Respected Defence Columnist of Sri Lanka, Iqbal Athas, wrote in the Sunday Times that National Security Council meetings were not taken seriously and on several occasions, politicians had left early, saying they had ‘other important business’. 

What could be more important than the security of one's country?

Politicians Are Still Shameless

Sri Lanka’s Minister of State in charge of Defence, Ruwan Wijewardane, is yet to apologise to the Sri Lankan public, New Zealand and the world for  his false claim in Parliament that the ISIS attack was carried out  in retaliation for the New Zealand mosque attack.

Recently, New Zealand Foreign Minister Winston Peters hit back, calling it a cheap shot. “It is a slightly cheap shot, I suppose, to try to explain it away. Let's see the evidence,” Peters said in an interview with Sky News. “Sometimes it pays to  get the facts first before you beat your lips with an opinion,” Peters went on, adding that there was a “fair chance” that the link had been made just to distract from the Sri Lankan government and intelligence service’s own failure to stop the plot before it had been carried out.

I am not sure if Sri Lanka’s Minister of Defence and Law and Order is feeling ashamed or if he is blissfully unaware of the comment by the NZ Foreign Minister, like he was of the Easter attack.


National Security Held Hostage to Vote-Seeking

Uncouth Sri Lankan politicians have a history of interfering dangerously in Sri Lanka's security matters.  They have harboured terrorists, thugs, goons and drug dealers.

Many of them have even been released over the years due to this political interference.

“Those who resist are either transferred or our promotions are delayed," several senior police officers have told this writer over the years.

In the case of Muslim extremists, two things have contributed to the Easter bombings:

The interference of Muslim politicians to protect ‘their people’ – knowingly or unknowingly – from investigation, and Sri Lankan leaders who give in for the sake of votes.

There is no doubt in Sri Lankans’ minds that it is politicians who have protected these extremists.

Take the case of the Governor of the Eastern Province, MLAM Hizbullah. Even after the authorities established that extremists had blasted a scooty on vacant land belonging to the Governor at Kattankudy just a week before the Easter Sunday Massacre, Hizbullah moves freely. He is Sirisena’s man.

Hizbullah represents the East where Kattankudy, a Muslim village, has become a hotbed of terrorists.  Over the years, Kattankudy has developed its own rules and ways. Tamils and Sinhalese have complained that they are not allowed to even do business in Kattankudy. But Sri Lankan authorities have turned a blind eye to all this in order to please certain Muslim politicians.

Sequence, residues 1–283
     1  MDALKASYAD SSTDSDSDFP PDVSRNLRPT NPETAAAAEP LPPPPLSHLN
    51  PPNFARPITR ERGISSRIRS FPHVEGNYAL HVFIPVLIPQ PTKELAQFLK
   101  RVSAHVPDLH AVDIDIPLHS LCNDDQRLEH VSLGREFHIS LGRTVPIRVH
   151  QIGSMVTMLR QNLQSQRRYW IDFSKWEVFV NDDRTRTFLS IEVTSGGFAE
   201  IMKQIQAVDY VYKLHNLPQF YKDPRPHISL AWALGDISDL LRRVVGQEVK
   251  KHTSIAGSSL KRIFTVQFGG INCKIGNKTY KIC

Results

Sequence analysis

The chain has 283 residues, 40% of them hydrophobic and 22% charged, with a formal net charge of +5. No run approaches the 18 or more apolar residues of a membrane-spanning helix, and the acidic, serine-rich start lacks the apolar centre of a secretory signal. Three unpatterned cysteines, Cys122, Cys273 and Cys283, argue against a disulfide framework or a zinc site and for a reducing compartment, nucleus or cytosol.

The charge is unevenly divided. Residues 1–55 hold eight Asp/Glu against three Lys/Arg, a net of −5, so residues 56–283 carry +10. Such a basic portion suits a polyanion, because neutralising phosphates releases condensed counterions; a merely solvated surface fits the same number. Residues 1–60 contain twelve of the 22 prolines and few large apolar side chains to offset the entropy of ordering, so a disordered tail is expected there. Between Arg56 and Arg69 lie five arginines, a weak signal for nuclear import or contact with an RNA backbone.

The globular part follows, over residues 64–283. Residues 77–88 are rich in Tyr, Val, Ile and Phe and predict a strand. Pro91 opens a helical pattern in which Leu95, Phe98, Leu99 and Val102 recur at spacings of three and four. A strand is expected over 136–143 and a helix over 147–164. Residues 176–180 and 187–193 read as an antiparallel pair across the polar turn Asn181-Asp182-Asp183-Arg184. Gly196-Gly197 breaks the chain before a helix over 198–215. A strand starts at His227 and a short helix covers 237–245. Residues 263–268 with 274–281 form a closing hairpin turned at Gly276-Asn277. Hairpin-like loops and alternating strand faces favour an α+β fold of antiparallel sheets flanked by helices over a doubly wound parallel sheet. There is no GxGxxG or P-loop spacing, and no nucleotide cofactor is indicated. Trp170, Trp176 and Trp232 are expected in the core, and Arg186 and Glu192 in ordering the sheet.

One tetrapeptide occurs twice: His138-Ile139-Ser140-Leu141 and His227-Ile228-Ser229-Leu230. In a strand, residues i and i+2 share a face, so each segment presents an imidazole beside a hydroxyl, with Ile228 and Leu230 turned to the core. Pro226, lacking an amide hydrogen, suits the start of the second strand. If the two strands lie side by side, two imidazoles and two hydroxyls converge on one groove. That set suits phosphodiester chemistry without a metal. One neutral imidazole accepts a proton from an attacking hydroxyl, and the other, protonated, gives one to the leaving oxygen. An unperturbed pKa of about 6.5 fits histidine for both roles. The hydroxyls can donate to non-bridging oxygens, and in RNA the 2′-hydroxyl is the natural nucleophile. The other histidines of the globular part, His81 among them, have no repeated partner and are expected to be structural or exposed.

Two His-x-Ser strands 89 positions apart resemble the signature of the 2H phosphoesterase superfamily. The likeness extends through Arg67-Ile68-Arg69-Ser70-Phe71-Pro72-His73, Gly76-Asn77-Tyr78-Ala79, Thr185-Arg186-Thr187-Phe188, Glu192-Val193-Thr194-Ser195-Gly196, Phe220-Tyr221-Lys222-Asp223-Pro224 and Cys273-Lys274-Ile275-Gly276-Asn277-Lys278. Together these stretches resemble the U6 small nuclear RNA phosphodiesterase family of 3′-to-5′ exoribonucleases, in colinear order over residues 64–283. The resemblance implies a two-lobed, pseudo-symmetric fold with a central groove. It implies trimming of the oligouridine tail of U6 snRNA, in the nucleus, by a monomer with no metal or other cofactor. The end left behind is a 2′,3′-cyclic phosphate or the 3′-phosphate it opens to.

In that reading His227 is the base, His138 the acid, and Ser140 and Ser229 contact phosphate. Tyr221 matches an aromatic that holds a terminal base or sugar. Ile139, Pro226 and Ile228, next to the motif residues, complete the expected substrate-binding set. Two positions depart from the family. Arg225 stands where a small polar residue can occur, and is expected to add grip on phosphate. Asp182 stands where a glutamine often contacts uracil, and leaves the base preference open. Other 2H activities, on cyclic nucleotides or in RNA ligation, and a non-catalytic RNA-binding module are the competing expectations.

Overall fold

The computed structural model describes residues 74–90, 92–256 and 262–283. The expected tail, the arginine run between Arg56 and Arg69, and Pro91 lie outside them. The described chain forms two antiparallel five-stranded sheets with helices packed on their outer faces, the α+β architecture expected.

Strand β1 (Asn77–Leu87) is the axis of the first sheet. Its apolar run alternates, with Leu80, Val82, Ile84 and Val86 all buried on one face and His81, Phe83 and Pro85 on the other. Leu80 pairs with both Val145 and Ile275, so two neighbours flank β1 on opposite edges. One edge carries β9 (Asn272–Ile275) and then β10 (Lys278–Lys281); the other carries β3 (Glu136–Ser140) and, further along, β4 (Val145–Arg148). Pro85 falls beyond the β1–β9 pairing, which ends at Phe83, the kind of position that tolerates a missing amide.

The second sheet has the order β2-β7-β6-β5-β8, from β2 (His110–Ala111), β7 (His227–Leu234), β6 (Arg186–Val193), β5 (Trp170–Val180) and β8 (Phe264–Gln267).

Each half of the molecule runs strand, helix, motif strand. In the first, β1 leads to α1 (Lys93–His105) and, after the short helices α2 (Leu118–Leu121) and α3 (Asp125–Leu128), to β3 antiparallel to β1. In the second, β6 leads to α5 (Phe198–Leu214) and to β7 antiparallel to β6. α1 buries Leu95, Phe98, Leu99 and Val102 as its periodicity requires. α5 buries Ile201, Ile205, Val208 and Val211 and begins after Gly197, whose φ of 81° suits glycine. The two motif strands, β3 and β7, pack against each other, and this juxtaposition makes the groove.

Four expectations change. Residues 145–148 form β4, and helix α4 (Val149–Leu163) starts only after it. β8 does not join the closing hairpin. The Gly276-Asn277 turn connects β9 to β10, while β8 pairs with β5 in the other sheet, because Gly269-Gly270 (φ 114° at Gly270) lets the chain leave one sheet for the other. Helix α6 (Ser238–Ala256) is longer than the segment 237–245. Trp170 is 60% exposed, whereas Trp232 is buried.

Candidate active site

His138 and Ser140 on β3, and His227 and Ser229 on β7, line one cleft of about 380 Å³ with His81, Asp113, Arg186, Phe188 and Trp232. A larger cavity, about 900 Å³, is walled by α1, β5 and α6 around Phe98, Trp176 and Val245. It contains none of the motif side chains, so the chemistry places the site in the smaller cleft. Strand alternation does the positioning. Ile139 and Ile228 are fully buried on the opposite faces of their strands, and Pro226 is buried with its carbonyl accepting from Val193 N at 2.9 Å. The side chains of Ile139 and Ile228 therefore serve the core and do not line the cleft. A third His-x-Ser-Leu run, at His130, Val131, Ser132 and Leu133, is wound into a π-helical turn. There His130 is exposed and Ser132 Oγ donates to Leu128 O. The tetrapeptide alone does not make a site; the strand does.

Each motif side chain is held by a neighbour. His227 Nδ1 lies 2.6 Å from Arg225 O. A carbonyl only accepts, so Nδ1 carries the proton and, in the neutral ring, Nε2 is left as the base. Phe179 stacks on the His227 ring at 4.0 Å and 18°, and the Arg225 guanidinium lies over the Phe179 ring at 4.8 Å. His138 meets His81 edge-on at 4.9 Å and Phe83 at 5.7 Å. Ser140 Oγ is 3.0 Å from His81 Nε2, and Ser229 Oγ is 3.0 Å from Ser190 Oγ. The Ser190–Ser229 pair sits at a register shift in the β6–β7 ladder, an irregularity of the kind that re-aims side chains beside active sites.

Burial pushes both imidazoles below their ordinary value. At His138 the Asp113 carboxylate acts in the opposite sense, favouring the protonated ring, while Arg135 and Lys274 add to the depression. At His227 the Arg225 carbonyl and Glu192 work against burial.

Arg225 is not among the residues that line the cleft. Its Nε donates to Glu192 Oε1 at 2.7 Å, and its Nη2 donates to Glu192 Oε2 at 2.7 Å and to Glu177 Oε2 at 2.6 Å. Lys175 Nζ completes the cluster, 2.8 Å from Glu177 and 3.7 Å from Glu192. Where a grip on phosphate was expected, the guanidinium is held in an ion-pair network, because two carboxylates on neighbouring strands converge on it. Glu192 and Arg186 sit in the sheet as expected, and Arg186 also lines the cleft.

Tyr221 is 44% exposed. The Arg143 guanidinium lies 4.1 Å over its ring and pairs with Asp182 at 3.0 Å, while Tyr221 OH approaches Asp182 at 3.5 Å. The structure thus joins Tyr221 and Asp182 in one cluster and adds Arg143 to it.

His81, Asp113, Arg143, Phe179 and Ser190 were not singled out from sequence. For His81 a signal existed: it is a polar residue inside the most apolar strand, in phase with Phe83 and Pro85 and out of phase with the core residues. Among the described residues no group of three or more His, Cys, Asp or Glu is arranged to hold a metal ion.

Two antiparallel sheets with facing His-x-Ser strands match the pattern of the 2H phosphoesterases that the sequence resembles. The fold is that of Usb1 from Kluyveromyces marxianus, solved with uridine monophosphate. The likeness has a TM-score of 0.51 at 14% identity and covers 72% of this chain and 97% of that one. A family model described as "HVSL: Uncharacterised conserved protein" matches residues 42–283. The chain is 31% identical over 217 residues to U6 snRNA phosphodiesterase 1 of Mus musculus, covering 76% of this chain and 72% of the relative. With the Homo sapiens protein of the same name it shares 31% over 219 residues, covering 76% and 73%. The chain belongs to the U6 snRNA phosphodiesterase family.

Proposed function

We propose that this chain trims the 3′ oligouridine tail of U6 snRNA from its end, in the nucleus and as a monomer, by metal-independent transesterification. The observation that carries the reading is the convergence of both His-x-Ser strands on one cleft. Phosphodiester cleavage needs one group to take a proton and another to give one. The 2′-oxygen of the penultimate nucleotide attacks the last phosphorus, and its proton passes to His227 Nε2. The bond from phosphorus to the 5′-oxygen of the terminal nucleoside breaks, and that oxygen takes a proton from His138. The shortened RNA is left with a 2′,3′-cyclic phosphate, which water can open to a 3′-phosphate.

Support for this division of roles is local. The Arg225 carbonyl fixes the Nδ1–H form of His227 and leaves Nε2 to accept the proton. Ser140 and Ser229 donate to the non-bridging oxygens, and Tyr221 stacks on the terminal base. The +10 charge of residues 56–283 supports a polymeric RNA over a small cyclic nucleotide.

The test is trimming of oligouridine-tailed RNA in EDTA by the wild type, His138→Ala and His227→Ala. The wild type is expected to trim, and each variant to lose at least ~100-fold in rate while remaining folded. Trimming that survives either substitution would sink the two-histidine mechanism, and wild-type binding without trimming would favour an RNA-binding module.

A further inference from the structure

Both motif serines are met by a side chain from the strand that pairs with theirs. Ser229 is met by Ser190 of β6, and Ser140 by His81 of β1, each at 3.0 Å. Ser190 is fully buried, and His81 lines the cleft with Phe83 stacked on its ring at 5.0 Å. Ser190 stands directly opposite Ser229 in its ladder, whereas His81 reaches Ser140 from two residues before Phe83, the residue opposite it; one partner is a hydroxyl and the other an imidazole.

Extremist Sympathisers in Government

After the blast, Perumal, a Sri Lankan Tamil labourer from Batticaloa who I have known for many years told me, “Remember I told you, in Kattankudy it was only their rule. They were law unto themselves. No one listened to us.”

In Batticaloa, the Zion church was targeted by the suicide bombers. Perumal and his family were away in the hills and attended Easter Sunday prayers.

The other Minister who is accused by the public of being a sympathiser to extremist elements (though he keeps on denying it) is Rishard Badurdeen. He is close to Prime Minister Wickremsinghe. Earlier, he was close to former president Mahinda Rajapaksa’s brother Basil.

Apart from Sirisena and Wickremasinghe, Badurdeen is the most unpopular politician in Sri Lanka today. As I write this, he has left for Oman and social media is ablaze, saying he has escaped the country.

I tried to reach former Inspector General of Police, Pujith Jayasundara. One of his mobile phones was disconnected and the other was constantly engaged. I don’t think he or former defence secretary Fernando would speak to the press now anyway.

But for now, Sri Lankan people have no faith in either Sirisena or Wickremasinghe. They both must resign.

But we know they will hold onto their positions until kingdom come.

(Bandula Jayasekara is a former Sri Lankan newspaper editor and former diplomat, and currently hosts a popular political and current affairs programme on News 1st in Sri Lanka. He tweets @bundeljayse.)

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Topics:  Maithripala Sirisena   Sri Lanka   ISIS